Delving into the BosWords 2019 Crosswords!

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I finally had a chance to sit down and try my hand at the puzzles from the BosWords Crossword Tournament last month. Given the talent involved amongst the organizers and constructors, I had high expectations, and I was not disappointed.

So let’s put those puzzles under the microscope and see what’s what!


Leading Ladies by John Lieb

This unscored opening puzzle served as a fun and pleasant warm-up, getting everyone into the puzzly spirit and ready to solve. The theme entries were five films with female leads (like CLEOPATRA, FOXY BROWN, and CAT BALLOU), and the revealer TITLE NINE nicely tied the five films together through their nine-letter titles.

With good flow and an accessible theme, this is a great confidence booster and a solid puzzle to shake off any nerves going into the tournament.

Interesting grid entries included SAMOANS, ZOWIE, DEEP-SIXED, and LANDO, and my favorite clue was “Got to square 100 first in Chutes and Ladders, e.g.” for WON.

Puzzle 1: Central Intelligence by Claire Rimkus and Andrew Kingsley

As you might expect from the first puzzle in the tournament proper, this puzzle was a fairly easy start, combining an accessible theme with interesting fill. Each of the three-letter words at the center of the theme entries spelled out a different degree one could earn, a la VET reading out in LONG LIVE THE KING.

The circles for the three middle letters in each themed entry are almost unnecessary, as between the title and the themed entries themselves, you could suss out the theme without much trouble.

(But then again, I’m a sucker for circles in a crossword grid, so I liked having them there.)

One of the theme entries was more obscure than the other three, but this was still a breezy solve to get the tournament going.

Interesting grid entries included THE UK, OBERON, SOIREE, and MASHUP, and my favorite clues were “Hacker’s problem?” for COUGH and “You don’t want to be under it” for ARREST.

[Image courtesy of SharpBrains.com.]

Puzzle 2: Don’t Strain Yourself by Ross Trudeau

Normally, you’d expect the difficulty to ratchet upward a bit for puzzle 2, but this one was pretty much on par with the first puzzle. The revealer NO FILTER explained the link between the theme entries (things like EMAIL SPAM and INSTANT COFFEE), but overall, I was a little underwhelmed by this one.

That’s not to say the puzzle wasn’t otherwise well-constructed, because it was. The longer down entries linking the themed entries were executed with finesse, and other than one tough entry (ILLINI), the fill was fair and the cluing solid.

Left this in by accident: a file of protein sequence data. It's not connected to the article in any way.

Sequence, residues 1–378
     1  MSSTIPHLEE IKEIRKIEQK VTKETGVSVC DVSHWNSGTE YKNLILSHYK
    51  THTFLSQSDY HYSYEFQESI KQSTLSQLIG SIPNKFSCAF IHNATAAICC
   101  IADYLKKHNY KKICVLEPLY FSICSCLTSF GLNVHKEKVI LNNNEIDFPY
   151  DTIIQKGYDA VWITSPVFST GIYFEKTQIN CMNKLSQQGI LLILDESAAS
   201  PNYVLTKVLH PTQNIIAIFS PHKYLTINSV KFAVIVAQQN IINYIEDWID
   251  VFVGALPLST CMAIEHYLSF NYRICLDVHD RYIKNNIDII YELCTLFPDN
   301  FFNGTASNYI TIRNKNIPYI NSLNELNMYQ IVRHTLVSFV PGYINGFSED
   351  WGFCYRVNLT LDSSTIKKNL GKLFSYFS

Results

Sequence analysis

Interesting grid entries included DOOMSDAY, TO THE MAX, IOLANI, AL EAST, and DALLIANCES, and my favorite clue was “Turns into a screenplay, perhaps” for ADAPTS.

Puzzle 3: Plus or Minus by Joon Pahk and Laura Braunstein

The increase of difficulty I was expecting in puzzle 2 arrived with gusto in puzzle 3, as the solver must figure out how to either add or remove a number from the theme entries. With the subtraction clues, it was easier, because you had the number spelled out in the entry (like STONE AGE DOOR, where the -1 in the clue indicates that the word ONE should be removed, making the more familiar STAGE DOOR).

With the addition entries, you had to get a little more creative. For instance, the entry PAT PENDING becomes PATENT PENDING when you add the +10 from the clue. It’s a clever hook, and certainly not the last time we’ll be seeing some puzzly math in this puzzle set.

Interesting grid entries included SEA MONKEYS, SQUEAK, UMAMI, and SAYSO, and my favorite clue was “Something that won’t stay hot” for FAD.

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Puzzle 4: Spill the Tea by John Lieb and David Quarfoot

My favorite gimmick from the tournament puzzles appears in puzzle 4, which took me longer to figure out than it probably should have. In this puzzle, longer theme entries are shortened by having a brand of tea contained in the answer reading down instead of across. So, HOTEL CHAIN reads HOTELCN across, because CHAI is reading down from the C instead.

This sort of visual gag in a crossword is hard to pull off, but Lieb and Quarfoot do so nicely, having five “spills” in the grid. (Cluing each tea reading down as an “Oops” was a nice touch, as was the Boston Tea Party reference in the tagline at the top of the page.)

Interesting grid entries included AP CALC, WIN BIG, UNCLE SAM and X-ACTO KNIFE, and my favorite clue was “Charlatan exposer of film” for TOTO.

Puzzle 5: Get the Picture by Paolo Pasco

The regular tournament concluded with puzzle 5, and Pasco ably brought it home with this film-centric puzzle where the theme entries all ended with synonyms for part of a film (SHOT, SCENE, FOOTAGE, TAKE, and CLIP). The theme is quickly uncovered, but the puzzle is by no means a cakewalk, as solid, creative fill makes for a more challenging solve than you expect.

There’s very little crosswordese — the grid instead focused on unusual entries in a well-constructed grid. (Heck, if Pasco had included J and X, this puzzle would have been a pangram as well!)

Interesting grid entries included SATYRS, CYBER, KAPOW, ME DAY, and GUIDE DOG, and my favorite clue was “Write this answer as EER, say” for ERR.

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[Image courtesy of @StalkingSarah.]

Championship Themeless by Finn Vigeland

After two years of championship puzzles being shepherded by the ambitious grids of David Quarfoot, Finn Vigeland steps up to the plate with a very intimidating themeless grid loaded with lots of long entries. With 3 nine-letter words in each corner and 3 thirteen-letter entries stacked in the middle of the grid, this one would probably give any solver pause at the outset, let alone those solving on stage in front of an audience.